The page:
could regulate the splicing of the SXN/FBS minigene.
To this purpose, we co-transfected HeLa cells with the
SXN/FBS minigene and with full-length FMR2, C-ter,
N-ter or the empty vector. Since differences in the expres-
sion of the SXN/FBS minigene were difficult to appreciate
in non-quantitative conditions, we evaluated the relative
expression of transcripts with alternative exon 2 inclusion
by real-time quantitative PCR (primers are localized in
exon 1 and exon junction between exon 2 and 3 of mini-
gene. Their sequences are described in Table 3). As shown
in Figure 6B, inclusion of the exon containing FBS was
decreased about 2-fold in cells co-transfected with full-
length FMR2 or C-ter relative to cells co-transfected
with the empty vector or with the N-ter. In this experi-
ment, the expression level of each FMR2 protein was
tested by western blot and quantitative RT–PCR, as illu-
strated in Supplementary Figure 3. To exclude that this
result is due to a different decay of the mRNA coding for
minigene isoforms in the presence or in the absence of
FMR2, we tested the stability of SXN/FBS minigene in
HeLa cells transfected and treated with ActD for 6h. No
difference in decay of exon2-containing minigene mRNA
was observed during this treatment in cell transfected with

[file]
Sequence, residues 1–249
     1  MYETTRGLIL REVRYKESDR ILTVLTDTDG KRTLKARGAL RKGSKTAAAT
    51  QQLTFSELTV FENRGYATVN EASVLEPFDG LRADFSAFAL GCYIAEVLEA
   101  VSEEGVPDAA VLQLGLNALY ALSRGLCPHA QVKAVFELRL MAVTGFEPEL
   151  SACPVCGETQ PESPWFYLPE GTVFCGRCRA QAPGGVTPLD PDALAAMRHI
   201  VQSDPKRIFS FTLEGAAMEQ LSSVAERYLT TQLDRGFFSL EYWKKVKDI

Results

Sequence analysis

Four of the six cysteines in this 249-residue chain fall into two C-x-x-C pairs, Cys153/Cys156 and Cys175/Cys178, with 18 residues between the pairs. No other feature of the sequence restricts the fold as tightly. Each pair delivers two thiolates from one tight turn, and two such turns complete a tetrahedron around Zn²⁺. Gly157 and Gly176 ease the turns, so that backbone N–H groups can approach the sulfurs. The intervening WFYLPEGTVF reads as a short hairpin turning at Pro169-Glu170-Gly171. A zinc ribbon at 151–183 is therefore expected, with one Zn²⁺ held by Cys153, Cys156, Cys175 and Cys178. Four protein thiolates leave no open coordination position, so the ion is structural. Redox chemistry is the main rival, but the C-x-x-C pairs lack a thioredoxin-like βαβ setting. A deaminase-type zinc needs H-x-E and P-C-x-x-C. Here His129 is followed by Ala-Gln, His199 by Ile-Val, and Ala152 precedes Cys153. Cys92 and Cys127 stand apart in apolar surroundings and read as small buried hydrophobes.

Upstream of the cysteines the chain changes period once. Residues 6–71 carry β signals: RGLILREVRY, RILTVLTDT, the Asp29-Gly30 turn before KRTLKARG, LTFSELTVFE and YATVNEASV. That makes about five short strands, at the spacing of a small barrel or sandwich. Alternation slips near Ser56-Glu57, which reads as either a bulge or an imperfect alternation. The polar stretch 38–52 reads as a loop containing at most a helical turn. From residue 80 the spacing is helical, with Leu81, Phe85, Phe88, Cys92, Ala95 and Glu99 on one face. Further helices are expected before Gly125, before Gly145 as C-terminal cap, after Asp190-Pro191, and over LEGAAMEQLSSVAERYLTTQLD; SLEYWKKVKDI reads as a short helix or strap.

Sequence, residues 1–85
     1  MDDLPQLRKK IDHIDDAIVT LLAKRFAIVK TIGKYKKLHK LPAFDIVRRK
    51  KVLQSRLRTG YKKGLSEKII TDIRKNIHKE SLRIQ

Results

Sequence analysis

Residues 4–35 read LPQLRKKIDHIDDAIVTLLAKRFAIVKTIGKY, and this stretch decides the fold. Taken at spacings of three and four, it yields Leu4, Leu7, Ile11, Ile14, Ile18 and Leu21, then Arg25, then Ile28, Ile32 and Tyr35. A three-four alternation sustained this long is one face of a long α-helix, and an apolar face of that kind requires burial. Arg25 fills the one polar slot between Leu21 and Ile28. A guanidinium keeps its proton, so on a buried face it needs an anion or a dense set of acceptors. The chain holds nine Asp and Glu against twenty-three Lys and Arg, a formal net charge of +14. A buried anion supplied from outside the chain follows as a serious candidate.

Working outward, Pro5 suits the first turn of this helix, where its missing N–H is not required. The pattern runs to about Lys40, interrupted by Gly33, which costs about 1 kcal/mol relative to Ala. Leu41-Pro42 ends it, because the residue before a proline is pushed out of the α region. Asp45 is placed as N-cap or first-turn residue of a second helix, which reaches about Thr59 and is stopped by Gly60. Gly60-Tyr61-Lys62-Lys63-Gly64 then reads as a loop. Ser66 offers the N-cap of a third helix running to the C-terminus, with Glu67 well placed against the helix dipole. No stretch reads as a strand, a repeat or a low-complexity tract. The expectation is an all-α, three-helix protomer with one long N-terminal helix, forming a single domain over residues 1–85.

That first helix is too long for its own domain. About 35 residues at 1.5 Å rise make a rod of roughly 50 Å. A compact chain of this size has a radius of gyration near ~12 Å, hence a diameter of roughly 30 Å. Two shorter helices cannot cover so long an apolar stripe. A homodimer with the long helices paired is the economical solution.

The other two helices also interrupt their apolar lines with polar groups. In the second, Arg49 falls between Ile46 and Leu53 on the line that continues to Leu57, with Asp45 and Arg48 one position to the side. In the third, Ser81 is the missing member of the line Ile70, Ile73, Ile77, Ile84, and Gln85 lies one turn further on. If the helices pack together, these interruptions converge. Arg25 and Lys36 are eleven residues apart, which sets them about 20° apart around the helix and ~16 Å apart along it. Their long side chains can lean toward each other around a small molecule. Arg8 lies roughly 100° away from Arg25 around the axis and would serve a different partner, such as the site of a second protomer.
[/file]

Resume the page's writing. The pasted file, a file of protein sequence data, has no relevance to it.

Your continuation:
FMR2-pTL or the pTL empty vector (Supplementary
Exons 7-8 (constitutive)
Exon 14 (alternative)
1-6789 101112131415 1617
Exon2-FBS level relative to control
Figure 6. Effect of FMR2 on splicing of an alternative exon in minigene-transfected cells and in the endogenous FMR1 transcript. (A) Schematic
representation of SXN13 minigene and of SXN13/FBS minigene. This last one includes G-quartet in exon 2. Visualization of splicing products of the
minigene by semiquantitative RT–PCR. Black arrows indicate primers positions. (B) Relative expression of the inclusion of minigene exon 2 using
real-time quantitative PCR in the presence or in the absence of FMR2, C-ter and N-ter proteins. Results were obtained by analysis of three
independent transfection experiments. Red arrows indicate primers postitions, GAPDH was used as a standard. Error bars represent standard
deviation. (C) Schematic structure of the FMR1 full-length mRNA, showing alternative splicing of exon 14. (D) Relative expression of FMR1
constitutive exons 7–8 using real-time quantitative PCR in normal fibroblasts and in fibroblasts obtained from a patient carrying the deletion of
FMR2 gene. No difference is observed between the two samples. (E) Relative expression of exon 14 sequence-including FMR1 isoforms using real-
time quantitative PCR in normal fibroblasts and in fibroblasts obtained from a patient carrying the deletion of FMR2 gene. An increased expression
level of 50% is observed for exon 14-containing FMR1 isoforms mRNA in FRAXE fibroblasts.
Nucleic Acids Research, 2009, Vol. 37,No. 4
Figure 4A). Also in this case, the expression level of
FMR2 was tested by western blot (Supplementary
Figure 4B) using the monoclonal anti-Flag antibody.